I've been quiet, but not really.

Sometimes things are quiet here because I'm not up to much and have little to say. 
This is not one of those times.  When Spring hits with full force I feel compelled to complete every old winter craft project, start my summer house projects and maintain the gardens and slow the weeds---all at once.  Working at home with myself as a boss is killer!  Maybe that is why I don't post as often.  I don't want anyone to know just how nutty I can get. 

So, instead of divulging all of my secrets, I'll leave you with this picture.  A baby in a bike helmet is irresistible. 

Sandbox


sandbox, originally uploaded by quirky granola girl.

We went to the park last weekend to try out his sand toys from the Easter Bunny. For the first 20 minutes, he just sat there with his hands up trying not to touch the sand. He did not like the texture at all. The other kids came over to play with his toys, and Henry just watched me dig and play with them. Then I buried his feet and legs in the sand and patted the sand down firmly, and then he decided that he knew how to do that. Pretty soon he was grabbing the sand in his fingers, kicking his feet around and scooting over to the sand castles that the other kids built so he could grab a handful of that sand. All in all, we spent an hour and a half or more there and he cried when we left and then refused his afternoon nap.

swap towels from all over Australia

When I learned geography in school, I think I liked coloring in the maps better than knowing the actual regions. But the combination of this tea towel swap and a little Google Maps magic and now geography is fun again.

First, I unveil the lovely work that was sent to me by my nine international swap partners. There is a good variety of stenciling, applique, screen printing, sewing and fabric transfer work. Now I can have an gallery show in my kitchen.







And now I can show you how I geeked out with the geography of Australia. If you click on a push pin, you'll see the towel from that area. Melbourne has 5 push pins, so you'll want to zoom in before checking that one out.


View Tea Towels in a larger map

Sewing for Knitting--and a rough tutorial

My double pointed knitting needles required a new and tidy home.  I have a needle case with pockets but the pockets were too big for the little needles, too slippery to hold them in and I'd have to get out the needle guage and test four sets before I found the right size.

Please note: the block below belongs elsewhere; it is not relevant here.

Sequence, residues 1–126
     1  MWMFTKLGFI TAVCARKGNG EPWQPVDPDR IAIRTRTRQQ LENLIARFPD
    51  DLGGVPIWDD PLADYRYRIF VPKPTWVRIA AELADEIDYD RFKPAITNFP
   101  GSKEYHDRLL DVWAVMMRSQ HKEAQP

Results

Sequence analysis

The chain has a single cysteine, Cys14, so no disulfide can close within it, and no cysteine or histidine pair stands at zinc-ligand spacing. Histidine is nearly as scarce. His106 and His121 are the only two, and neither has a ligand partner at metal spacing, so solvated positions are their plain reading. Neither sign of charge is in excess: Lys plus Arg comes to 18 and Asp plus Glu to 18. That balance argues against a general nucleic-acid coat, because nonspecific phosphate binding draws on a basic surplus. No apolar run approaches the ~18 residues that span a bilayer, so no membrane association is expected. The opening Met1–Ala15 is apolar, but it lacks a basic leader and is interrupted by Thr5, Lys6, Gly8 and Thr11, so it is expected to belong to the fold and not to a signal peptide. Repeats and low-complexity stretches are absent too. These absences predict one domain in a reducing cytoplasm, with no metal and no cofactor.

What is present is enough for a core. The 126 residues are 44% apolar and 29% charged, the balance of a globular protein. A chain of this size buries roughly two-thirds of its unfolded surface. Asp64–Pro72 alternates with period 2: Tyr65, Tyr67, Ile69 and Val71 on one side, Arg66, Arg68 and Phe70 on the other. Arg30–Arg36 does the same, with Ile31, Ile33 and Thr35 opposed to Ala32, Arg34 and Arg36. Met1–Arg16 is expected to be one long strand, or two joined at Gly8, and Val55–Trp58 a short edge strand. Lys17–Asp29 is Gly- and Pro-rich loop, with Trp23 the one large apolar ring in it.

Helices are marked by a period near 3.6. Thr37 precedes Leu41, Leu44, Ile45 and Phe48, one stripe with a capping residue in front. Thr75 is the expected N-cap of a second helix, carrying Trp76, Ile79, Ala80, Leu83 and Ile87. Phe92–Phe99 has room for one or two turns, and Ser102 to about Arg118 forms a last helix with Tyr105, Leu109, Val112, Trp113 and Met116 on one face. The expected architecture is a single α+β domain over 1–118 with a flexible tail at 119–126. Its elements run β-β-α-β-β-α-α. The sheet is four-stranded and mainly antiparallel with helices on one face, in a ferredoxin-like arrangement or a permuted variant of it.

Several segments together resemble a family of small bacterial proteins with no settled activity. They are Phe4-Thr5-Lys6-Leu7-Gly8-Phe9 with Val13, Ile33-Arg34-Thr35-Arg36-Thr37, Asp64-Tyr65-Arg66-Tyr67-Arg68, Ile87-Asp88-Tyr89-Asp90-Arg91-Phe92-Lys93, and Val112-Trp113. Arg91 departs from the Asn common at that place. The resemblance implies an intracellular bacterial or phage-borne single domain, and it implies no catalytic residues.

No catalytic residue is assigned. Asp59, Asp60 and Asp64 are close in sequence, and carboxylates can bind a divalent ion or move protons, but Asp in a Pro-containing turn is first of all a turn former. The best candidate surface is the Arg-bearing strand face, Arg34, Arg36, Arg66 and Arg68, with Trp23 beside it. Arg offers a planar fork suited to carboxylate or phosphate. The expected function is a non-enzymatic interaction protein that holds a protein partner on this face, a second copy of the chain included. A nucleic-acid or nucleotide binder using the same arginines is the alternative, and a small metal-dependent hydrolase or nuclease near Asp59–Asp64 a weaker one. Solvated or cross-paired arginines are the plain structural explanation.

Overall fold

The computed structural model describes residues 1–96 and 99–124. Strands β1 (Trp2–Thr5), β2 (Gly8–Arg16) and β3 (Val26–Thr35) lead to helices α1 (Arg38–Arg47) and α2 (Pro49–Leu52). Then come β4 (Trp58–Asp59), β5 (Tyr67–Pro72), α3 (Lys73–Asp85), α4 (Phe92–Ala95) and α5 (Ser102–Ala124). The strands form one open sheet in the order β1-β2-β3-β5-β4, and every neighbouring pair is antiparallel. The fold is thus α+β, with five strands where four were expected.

I just loved these batik fabrics together. The fabric behind the needles is recycled from a pair of my corduroy pants.


If you want to make one of your own, you will need:

11 x 17" each of fabric for behind the needles (now called backing fabric) and the outside fabric
one 6 x 17" piece for the pocket fabric
17" of twill tape and a narrow piece of fusible webbing
two 6 x 16.5" pieces of fabric for the flap

Steps:
1.  fold 3/8" of the top edge of the pocket fabric under and fold it one more time.  press and then sew the edge.  then fuse the twill tape to the top edge of the pocket fabric with an iron

2.  mark the pocket widths with chalk and a ruler first, then embroider the numbers for the pockets with an embroidery hoop and floss.
Pocket widths:
start measuring 1/2" in from the edge to allow room for stitching the layers together
size 0--2cm
size 1--2.25
size 2--2.25
size 3--2.5
size 4--3cm
size 5--3cm
size 6--3.25
size 7--3.25
size 8--3.5
size 9--3.5
extra pocket #1--3cm
extra pocket #2--3cm
extra pocket #3--2.5
there should be at least another 1/2" on this edge for stitching the layers together (I have a very tiny pocket left on mine but it will hold a small crochet hook perfectly)

3.  pin the pocket fabric to the backing fabric and sew lines to divide the pockets, backstitching carefully at the top edge of the pockets

4.  take the flap pieces and stack them right sides together, pin and sew around 3 sides (2 short sides and one long side, turn inside out and press

5.  now stack the backing and pocket piece right side up, place the flap on that with it aligned where you want it on the finished piece, lastly place the outside fabric on top with the right side down and pin around the perimeter.  sew around the edges with a 3/8" seam allowance and leaving a 3" gap to turn project right side out.  be sure not catch the short sides of the flap in your seam or it will not open.

6.  turn project right side out and press.  press the edges of the gap to align them with what has already been sewn.  *  topstitch around the entire perimeter 1/4" from the edge.  fill with needles and enjoy!


*  if you want your needle case to have a label, an elastic and button closure, or ties, here is where you would tuck the label/ties/elastic hairband into the seam gap before doing the topstitching.

Be aware that this is my first attempt at a tutorial.  If you have any questions , or if it doesn't make sense, please ask.

Late Easter picture post


eggs all done, originally uploaded by quirky granola girl.

We colored eggs this year with fingerpaints. Henry enjoyed coloring his thighs and cracking the eggshells the most.

Cute Knits

Just a few pictures of cute knitting to cheer up a friend.  Do you think these guys will do the trick?